Businesses come in all shapes and sizes. And Christians who own them express their faith through them in different ways. Like this private business owner (whose name has been withheld from publication)…
The business is a private, family-owned educational resources center in Florida. The Center provides curriculum, educational materials and meeting rooms to support existing homeschool curriculum, plus tutoring and other activities, as well as meeting rooms for community events.
The owner was approached by a member of the community who wanted to use the facilities to show a film. The film was entitled, “Caesar’s Messiah: The Roman Conspiracy to Invent Jesus.” The business owner gave permission for the showing of this film. The advertising for the film, however, became another matter altogether.
As per the usual custom, the community member sought to advertise the film on the business owner’s website. The problem came when the film promoter wanted to advertise the film under a different title: “Caesar’s Messiah Documentary (History of Christianity).” Making it seem like the event was a documentary about Christianity, when, in reality, it was a film asserting that Christianity is a sham.
The business owner asked that the film promoter post a more accurate description of the event on the owner’s website. The showing was then held as planned.
Following the patron’s use of the owner’s facilities and a showing of the film, she filed a complaint with the Florida Commission on Human Rights (FCHR) and alleged that she had been a victim of discrimination. Why? Because the owner asserted control over the content of the patron’s advertisement which was posted on the owner’s website.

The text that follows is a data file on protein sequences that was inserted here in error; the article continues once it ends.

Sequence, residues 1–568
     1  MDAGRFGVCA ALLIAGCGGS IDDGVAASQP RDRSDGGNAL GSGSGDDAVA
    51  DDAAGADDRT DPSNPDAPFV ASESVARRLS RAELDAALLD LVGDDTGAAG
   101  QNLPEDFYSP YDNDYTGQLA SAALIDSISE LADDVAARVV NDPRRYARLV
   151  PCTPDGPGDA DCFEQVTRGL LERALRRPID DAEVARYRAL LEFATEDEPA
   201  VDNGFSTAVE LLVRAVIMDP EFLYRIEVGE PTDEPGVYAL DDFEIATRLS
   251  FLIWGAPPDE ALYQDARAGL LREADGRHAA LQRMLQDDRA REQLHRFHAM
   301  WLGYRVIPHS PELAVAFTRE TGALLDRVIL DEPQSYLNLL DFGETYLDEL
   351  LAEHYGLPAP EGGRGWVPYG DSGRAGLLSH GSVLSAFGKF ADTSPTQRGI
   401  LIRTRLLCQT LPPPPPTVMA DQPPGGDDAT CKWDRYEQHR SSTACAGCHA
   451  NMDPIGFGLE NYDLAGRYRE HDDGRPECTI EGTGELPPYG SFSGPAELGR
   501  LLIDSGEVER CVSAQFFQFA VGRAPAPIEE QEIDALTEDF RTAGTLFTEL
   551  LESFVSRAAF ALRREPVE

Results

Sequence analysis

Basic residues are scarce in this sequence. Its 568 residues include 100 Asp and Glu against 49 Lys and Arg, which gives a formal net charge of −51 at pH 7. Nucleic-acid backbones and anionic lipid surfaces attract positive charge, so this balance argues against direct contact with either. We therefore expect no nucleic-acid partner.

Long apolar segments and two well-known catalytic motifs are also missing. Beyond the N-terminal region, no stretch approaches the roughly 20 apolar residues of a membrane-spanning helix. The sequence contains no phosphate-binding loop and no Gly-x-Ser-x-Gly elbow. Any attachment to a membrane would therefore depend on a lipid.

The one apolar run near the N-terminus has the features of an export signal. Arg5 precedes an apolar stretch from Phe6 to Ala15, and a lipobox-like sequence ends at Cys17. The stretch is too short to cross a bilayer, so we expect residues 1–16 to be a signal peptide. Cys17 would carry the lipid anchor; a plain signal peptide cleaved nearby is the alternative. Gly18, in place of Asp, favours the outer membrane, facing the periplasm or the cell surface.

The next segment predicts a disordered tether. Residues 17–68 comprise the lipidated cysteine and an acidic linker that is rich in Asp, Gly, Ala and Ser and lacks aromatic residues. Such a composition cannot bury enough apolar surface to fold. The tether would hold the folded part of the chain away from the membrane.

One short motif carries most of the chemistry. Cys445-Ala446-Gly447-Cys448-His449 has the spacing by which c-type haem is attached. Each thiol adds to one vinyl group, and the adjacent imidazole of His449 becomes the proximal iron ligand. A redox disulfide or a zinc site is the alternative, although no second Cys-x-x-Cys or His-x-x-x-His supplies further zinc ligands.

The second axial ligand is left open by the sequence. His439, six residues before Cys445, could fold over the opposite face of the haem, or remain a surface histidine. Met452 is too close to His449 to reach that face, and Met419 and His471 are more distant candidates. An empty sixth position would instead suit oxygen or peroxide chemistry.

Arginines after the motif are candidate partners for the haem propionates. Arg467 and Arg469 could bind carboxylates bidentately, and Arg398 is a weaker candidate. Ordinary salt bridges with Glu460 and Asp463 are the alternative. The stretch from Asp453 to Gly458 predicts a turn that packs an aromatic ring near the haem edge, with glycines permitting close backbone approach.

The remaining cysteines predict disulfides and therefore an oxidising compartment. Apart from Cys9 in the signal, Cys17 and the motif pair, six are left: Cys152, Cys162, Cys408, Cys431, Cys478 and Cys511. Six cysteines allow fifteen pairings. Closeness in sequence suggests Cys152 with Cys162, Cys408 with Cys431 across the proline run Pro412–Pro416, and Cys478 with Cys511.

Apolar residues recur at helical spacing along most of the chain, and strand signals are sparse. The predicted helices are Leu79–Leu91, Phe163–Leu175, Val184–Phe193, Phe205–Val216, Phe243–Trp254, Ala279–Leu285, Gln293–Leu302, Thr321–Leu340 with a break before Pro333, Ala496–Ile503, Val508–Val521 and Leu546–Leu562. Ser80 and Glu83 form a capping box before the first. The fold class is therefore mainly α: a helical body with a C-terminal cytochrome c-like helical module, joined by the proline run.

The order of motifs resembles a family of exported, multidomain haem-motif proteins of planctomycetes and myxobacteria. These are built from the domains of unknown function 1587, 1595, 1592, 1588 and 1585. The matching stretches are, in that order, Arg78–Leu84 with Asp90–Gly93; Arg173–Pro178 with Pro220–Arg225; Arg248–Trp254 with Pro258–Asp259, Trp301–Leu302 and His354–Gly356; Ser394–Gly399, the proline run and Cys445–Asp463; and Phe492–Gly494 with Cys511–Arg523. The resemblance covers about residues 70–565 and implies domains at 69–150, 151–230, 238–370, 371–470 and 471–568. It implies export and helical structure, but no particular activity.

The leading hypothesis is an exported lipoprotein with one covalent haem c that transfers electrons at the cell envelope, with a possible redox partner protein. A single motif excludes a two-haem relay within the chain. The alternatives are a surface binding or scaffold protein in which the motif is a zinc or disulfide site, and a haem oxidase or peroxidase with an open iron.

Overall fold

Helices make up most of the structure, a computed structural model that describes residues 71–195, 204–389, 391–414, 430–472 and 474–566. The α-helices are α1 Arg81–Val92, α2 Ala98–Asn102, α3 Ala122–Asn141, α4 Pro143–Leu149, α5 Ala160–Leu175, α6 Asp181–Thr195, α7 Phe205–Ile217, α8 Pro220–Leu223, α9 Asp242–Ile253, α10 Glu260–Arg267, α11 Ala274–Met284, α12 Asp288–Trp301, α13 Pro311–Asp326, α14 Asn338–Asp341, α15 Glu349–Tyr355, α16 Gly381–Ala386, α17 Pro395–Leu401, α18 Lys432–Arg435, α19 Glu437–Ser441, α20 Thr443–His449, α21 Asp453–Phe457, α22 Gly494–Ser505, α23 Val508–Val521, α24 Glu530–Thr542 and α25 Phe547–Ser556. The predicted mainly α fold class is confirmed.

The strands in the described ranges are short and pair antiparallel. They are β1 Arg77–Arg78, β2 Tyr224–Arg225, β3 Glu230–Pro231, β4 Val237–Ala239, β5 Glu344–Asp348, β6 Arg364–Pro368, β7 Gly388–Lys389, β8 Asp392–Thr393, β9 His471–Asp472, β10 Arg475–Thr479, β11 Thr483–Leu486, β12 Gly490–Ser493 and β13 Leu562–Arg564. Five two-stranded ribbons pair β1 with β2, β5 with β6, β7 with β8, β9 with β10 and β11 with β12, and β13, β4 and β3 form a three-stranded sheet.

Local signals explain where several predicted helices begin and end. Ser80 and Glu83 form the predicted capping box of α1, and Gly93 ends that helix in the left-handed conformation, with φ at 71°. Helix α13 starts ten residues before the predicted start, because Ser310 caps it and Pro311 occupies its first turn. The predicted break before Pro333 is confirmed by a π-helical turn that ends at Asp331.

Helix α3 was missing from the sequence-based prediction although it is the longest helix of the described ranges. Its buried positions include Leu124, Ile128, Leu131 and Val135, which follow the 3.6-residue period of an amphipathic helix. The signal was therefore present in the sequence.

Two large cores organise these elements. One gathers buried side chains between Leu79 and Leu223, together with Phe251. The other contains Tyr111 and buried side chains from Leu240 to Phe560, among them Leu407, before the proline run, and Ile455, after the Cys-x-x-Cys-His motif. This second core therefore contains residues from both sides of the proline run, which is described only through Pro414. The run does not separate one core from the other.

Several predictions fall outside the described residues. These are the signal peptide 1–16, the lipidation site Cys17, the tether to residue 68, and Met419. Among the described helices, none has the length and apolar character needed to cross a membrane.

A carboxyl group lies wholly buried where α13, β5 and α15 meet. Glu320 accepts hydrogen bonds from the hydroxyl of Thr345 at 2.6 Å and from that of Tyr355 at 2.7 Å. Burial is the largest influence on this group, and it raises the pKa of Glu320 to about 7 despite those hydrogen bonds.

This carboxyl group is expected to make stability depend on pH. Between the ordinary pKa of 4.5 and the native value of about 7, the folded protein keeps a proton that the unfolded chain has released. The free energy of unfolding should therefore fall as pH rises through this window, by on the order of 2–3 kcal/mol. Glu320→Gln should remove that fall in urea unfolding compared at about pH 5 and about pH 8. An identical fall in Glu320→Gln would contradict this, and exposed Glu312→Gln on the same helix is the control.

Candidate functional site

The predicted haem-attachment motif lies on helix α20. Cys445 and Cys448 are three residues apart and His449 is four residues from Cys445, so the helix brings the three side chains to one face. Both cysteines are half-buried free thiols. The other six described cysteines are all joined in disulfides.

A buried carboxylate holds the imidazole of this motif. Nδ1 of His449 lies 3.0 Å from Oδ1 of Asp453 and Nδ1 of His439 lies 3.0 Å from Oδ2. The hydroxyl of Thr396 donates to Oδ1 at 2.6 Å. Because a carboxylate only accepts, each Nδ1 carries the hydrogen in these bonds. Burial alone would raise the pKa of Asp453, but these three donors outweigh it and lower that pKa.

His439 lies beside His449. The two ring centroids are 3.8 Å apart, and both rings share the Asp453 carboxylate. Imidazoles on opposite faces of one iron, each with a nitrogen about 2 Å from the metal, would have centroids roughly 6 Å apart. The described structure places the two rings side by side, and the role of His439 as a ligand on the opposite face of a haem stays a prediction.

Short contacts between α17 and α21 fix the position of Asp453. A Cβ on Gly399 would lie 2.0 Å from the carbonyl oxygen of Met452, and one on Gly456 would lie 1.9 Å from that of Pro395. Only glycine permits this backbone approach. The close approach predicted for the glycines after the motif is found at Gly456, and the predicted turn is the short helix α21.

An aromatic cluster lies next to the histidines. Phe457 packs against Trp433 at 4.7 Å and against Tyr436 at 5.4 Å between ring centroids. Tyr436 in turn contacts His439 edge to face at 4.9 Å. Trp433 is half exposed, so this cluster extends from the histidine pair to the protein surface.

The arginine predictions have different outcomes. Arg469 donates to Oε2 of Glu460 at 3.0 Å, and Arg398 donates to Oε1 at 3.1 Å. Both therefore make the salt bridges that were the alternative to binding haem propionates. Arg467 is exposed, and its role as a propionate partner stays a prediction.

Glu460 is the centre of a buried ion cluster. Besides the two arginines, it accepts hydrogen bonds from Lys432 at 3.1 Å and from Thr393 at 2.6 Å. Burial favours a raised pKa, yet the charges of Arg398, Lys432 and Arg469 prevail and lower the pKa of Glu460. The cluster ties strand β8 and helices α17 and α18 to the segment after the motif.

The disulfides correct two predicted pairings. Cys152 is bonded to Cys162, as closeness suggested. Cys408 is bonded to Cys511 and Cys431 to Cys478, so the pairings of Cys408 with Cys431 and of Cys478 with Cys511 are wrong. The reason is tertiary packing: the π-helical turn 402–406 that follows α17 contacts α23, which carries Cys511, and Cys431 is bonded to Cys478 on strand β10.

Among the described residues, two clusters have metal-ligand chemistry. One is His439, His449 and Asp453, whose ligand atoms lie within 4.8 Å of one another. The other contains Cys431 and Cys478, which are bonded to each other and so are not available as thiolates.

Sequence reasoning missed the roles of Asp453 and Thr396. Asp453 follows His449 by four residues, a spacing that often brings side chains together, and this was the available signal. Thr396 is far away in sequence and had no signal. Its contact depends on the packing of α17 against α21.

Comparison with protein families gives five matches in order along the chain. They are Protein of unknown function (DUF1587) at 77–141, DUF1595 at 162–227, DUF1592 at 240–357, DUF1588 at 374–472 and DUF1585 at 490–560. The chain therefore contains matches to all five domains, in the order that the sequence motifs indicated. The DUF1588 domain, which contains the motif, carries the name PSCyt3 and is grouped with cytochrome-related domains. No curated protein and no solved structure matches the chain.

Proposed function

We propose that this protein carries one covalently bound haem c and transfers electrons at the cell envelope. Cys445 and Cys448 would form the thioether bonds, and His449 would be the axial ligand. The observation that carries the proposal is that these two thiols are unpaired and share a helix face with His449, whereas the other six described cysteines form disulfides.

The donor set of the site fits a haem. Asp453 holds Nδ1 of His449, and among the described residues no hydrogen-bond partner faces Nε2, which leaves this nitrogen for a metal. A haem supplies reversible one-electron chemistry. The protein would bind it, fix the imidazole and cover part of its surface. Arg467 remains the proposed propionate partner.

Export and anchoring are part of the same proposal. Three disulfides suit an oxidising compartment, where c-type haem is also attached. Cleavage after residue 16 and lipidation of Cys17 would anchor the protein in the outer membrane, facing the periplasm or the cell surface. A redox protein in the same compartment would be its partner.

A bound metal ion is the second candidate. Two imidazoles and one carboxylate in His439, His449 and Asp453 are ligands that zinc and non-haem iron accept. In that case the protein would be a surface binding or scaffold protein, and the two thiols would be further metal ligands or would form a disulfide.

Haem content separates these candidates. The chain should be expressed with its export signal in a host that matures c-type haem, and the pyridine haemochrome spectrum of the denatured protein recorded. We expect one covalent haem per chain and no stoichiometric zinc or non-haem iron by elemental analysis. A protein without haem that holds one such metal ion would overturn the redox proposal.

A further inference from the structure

Please note the “crime” in question: The business owner insisted that the misleading title of the film be changed to accurately reflect its content. In keeping with the Center’s guidelines for truth in advertising.
The American Center for Law and Justice (ACLJ) intervened on behalf of the business owner, in response to the FCHR complaint… explaining that the owner did not engage in discrimination, and that he maintains the right to exercise editorial control over the content of his website.
The FCHR agreed, rendering a determination of “No Cause.” The FCHR accurately concluded that “the requests [made by the center] were to ensure that the nature of Complainant’s event coincided with [the center’s] guidelines, and not an intent to discriminate.” https://aclj.org/equal-access/victory-for-liberty-defeat-anti-christian-activists
Truth in Advertising. A revolutionary concept? Hardly. But this scenario might have had a very different outcome.
What do you think?
What if the business owner had just acquiesced to the film promoter’s false advertising?
What might the implications have been for the Center’s reputation? Or for the movie-goers who thought they were seeing an objective documentary?
Please post your comments below.
Diana Furr, a.k.a. Abba’s Girl
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